Dr Julia Shaw

Dr Julia Shaw

Research Assistant

School of Biomedical Sciences and Pharmacy

Career Summary

Biography

Dr Julia Shaw is a postdoctoral researcher working in the Pregnancy Compromise and Neuroprotection group with the Mothers and Babies Research Centre. Her research examines the role of endocrine disruption following preterm birth on brain development of the offspring, and in particular, focuses on the long-term consequences into childhood and beyond.

She has recently been awarded her PhD in Experimental Pharmacology from the University of Newcastle in 2017. During her PhD, Dr Shaw focused on how a premature loss of placental neurosteroids results in diffuse white matter injury and impairments of the GABAergic system in the juvenile brain following preterm birth. She identified that the hippocampus and cerebellum are particularly vulnerable to these disturbances in brain development and may play a contributing role in the increased rate of behavioural disorders, such as ADHD and anxiety, that are more common following preterm birth.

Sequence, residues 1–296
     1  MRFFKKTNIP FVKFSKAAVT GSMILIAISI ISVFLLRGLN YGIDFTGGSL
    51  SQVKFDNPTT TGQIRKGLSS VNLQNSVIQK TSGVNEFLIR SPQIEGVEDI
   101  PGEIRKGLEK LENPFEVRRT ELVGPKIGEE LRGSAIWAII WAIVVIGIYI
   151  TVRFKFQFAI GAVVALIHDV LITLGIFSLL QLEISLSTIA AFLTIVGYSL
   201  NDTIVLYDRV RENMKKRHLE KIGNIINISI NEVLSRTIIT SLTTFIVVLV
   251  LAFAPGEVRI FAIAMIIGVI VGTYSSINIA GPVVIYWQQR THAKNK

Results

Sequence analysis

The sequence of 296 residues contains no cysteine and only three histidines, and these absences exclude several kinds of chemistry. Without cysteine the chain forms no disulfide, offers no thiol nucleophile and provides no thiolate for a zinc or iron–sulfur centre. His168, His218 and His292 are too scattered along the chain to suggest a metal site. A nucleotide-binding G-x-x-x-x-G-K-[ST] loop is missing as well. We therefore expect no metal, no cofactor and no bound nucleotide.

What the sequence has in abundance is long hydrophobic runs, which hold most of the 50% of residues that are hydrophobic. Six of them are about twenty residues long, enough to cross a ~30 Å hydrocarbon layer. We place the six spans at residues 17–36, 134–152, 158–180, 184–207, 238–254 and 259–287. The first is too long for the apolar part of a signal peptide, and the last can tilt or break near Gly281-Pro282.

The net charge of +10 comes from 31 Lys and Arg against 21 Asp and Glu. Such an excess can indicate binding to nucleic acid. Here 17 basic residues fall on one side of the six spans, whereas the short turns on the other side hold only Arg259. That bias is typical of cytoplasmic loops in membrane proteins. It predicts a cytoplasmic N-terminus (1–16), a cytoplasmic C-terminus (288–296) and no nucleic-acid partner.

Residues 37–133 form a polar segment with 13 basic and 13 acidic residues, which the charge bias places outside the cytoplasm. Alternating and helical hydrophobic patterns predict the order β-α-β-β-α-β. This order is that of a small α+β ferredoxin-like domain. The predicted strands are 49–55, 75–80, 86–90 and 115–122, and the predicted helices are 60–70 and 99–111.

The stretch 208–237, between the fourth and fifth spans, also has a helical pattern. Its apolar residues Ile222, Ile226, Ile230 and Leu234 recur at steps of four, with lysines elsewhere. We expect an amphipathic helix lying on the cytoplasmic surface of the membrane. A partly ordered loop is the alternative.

Dr Shaw is currently investigating the use of a neurosteroid-replacement therapy to prevent these adverse outcomes of preterm birth on brain development.


Qualifications

  • Doctor of Philosophy, University of Newcastle
  • Bachelor of Biomedical Sciences, University of Newcastle
  • Bachelor of Biomedical Sciences (Hons), University of Newcastle

Keywords

  • Neurodevelopment
  • Neurosteroids
  • Oligodendrocytes
  • Preterm Birth

Fields of Research

Code Description Percentage
111401 Foetal Development and Medicine 40
111501 Basic Pharmacology 20
110999 Neurosciences not elsewhere classified 40
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Publications

For publications that are currently unpublished or in-press, details are shown in italics.


Journal article (6 outputs)

Year Citation Altmetrics Link
2018 Shaw JC, Palliser HK, Dyson RM, Berry MJ, Hirst JJ, 'Disruptions to the cerebellar GABAergic system in juvenile guinea pigs following preterm birth', International Journal of Developmental Neuroscience, 65 1-10 (2018)